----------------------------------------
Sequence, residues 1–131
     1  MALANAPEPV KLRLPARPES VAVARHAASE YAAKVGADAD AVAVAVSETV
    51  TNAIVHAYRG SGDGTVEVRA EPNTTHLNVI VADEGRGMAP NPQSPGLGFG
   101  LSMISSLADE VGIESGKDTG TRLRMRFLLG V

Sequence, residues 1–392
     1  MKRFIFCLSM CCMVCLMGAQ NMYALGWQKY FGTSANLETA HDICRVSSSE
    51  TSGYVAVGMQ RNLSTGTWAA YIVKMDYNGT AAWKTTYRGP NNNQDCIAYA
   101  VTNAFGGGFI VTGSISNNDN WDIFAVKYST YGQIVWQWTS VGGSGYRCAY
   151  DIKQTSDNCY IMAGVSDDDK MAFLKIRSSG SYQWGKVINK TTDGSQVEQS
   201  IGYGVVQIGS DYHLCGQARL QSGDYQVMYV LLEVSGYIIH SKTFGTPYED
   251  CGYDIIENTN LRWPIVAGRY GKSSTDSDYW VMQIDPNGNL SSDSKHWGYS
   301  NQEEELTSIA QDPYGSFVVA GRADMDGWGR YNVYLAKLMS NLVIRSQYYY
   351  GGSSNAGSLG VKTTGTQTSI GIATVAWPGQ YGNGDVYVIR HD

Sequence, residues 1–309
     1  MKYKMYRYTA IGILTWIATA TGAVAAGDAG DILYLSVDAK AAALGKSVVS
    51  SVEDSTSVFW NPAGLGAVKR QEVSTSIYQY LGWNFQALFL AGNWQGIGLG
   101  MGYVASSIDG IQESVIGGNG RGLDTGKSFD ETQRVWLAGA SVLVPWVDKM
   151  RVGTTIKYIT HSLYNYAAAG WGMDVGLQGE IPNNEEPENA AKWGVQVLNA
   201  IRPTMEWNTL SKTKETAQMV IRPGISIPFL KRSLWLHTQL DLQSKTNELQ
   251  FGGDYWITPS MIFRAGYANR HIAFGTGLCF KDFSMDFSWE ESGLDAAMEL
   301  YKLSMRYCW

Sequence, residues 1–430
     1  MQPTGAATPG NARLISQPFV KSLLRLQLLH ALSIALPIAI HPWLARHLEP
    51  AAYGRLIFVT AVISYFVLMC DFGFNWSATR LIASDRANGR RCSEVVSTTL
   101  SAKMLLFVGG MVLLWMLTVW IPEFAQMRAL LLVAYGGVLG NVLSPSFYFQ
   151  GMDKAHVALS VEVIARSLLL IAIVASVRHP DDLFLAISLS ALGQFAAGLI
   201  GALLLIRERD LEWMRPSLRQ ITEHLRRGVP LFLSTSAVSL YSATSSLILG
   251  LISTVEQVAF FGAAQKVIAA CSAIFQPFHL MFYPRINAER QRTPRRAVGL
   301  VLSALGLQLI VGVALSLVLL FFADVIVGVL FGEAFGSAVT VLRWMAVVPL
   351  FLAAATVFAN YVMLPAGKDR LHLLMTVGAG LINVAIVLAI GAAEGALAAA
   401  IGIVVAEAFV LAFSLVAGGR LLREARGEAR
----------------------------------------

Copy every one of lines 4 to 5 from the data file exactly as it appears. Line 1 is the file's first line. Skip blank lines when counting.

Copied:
   101  LSMISSLADE VGIESGKDTG TRLRMRFLLG V

Sequence, residues 1–392